The Daily Maverick wrote a great piece recently in which they describe the process of storing and making up the vaccines on site, which echoes my experiences at Groote Schuur on the day. Vaccines are delivered in boxes of 20, as they get made up, in order to preserve the cold chain. It's one of the reasons there was a bit of a backlog, as we needed to wait until each batch of vaccine arrived.
The nurse doing mine explained that the vaccine is only viable for 2 hours after coming out of the fridge. Each syringe they receive has a sticker with a code on it, and those details were entered against my name on the Sisonke database, matching the code to me, my identity number and the voucher I received. I was really impressed with the thoroughness of the process.
I was so busy chatting to the nurses and looking around to check that everything was being done correctly that I completely missed the moment that the needle went in - hence no picture. Because we take the proper disposal of medical waste so seriously at Initial, I did make a point of checking that the syringe and needle were disposed of correctly into a rigid, yellow sharps container - which they were, of course. (Apparently you can take the hygiene freak out of the office but she's still thinking about hygiene protocols even when off duty!)
After the vaccination process:
After the vaccination was done, we were asked to wait in the (socially distanced) waiting area for 15 minutes, in case of any adverse side effects. There were large posters up on the walls advising that some side effects are normal, but that they should last no longer than 48 hours. I snapped a (rather bad) pic on my phone as a reminder, and then - after my allocated 15 minutes - I was free to go.
I also promptly received another SMS confirming both that I had been vaccinated, and my vaccination number, which correlated to the details on the vaccination card I had received.
The after effects of the COVID-19 vaccine:
My colleagues and I kept in touch during the day - comparing the after-effects we were experiencing. A couple of ladies complained that site of the needle-prick was sore, red and swollen, some colleagues developed a headache which lasted for a day or two, and other colleagues complained of flu-like symptoms.
My side effects started at 5pm and ran for almost exactly 24 hours. At 5pm I started feeling like I was coming down with the flu; my body was sore and I started to feel feverish. By 7pm I was in bed, and by 9pm I was running a significant fever, with chills and a headache. I spent a very feverish night (my husband says he has never felt skin that fiery!) and in the morning felt like I had been run over by a bus, although the fever had broken.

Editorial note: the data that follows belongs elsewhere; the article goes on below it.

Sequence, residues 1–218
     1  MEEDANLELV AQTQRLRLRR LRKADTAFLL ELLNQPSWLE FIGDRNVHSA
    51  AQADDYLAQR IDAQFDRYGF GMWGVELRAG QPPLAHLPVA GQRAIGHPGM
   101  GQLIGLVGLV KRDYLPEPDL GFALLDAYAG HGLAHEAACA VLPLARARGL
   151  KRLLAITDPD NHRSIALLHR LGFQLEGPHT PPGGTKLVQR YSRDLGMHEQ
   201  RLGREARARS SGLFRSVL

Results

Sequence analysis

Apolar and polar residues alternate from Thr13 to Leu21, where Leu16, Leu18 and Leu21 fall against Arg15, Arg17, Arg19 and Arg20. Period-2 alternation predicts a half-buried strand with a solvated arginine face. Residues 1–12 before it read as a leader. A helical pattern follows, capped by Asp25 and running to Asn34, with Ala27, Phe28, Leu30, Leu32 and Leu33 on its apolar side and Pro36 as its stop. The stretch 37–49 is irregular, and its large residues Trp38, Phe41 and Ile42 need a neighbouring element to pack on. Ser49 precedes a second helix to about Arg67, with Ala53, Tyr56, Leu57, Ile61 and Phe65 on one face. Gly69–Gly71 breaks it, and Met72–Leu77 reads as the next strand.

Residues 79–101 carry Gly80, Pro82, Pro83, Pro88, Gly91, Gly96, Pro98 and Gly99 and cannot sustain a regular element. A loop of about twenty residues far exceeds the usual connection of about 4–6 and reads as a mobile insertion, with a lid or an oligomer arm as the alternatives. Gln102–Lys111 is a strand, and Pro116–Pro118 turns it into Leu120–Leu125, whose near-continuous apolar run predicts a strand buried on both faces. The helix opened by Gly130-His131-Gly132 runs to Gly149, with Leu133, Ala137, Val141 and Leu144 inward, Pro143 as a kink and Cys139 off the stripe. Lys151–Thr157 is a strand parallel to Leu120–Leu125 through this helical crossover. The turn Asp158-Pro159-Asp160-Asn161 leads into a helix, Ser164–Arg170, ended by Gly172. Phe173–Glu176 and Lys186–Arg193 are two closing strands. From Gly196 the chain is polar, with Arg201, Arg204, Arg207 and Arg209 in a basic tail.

I applied for a sick day, took 2 Corenza C's and climbed back into bed, sleeping from 9am - 1pm. My afternoon was still spent in bed, reading, but by 5pm I felt almost back to normal, so got up and made biscuits with my daughter and cooked my family dinner. I had a good night's sleep, and that was that. By Friday morning I felt 100% back to normal.
In the meantime, I had received a follow up SMS advising me that flu-like symptoms were normal, but that I should report any symptoms that persisted for more than 48 hours to the Sisonke study.
So am I COVID-19 proof now?
According to the CDC, you’re not considered fully vaccinated until it’s been two weeks since you received a single-dose vaccine like Johnson & Johnson’s, and even then they advise that you should keep taking hygiene precautions in public places like wearing a mask, socially distancing, avoiding crowds and poorly ventilated spaces, and continuing to practice rigorous hand hygiene.
Why two weeks?
When you get the vaccine, it enters your body and helps your immune system learn how to recognize and fight the virus. You’re not getting the live virus when you’re vaccinated, but rather teaching your body to protect you from future infection. It takes about two weeks for your body to build up immunity against the COVID-19 virus.
So why do I have to keep taking precautions?
This is because whilst vaccines have shown to be very effective in 95% of people, there is no way to tell who the other 5% will be. Getting vaccinated does mean that you’re much less likely to get sick or develop symptoms, but the experts still don't know whether prevents you from being able to asymptomatically carry and shed the virus. Hence the need to still take sensible hygiene precautions in order to keep everyone safe.
Initial is here to help you keep safe, whether you've been vaccinated or not. We provide a wide range of hygiene services for businesses across the country, find out more about our COVID-19 services.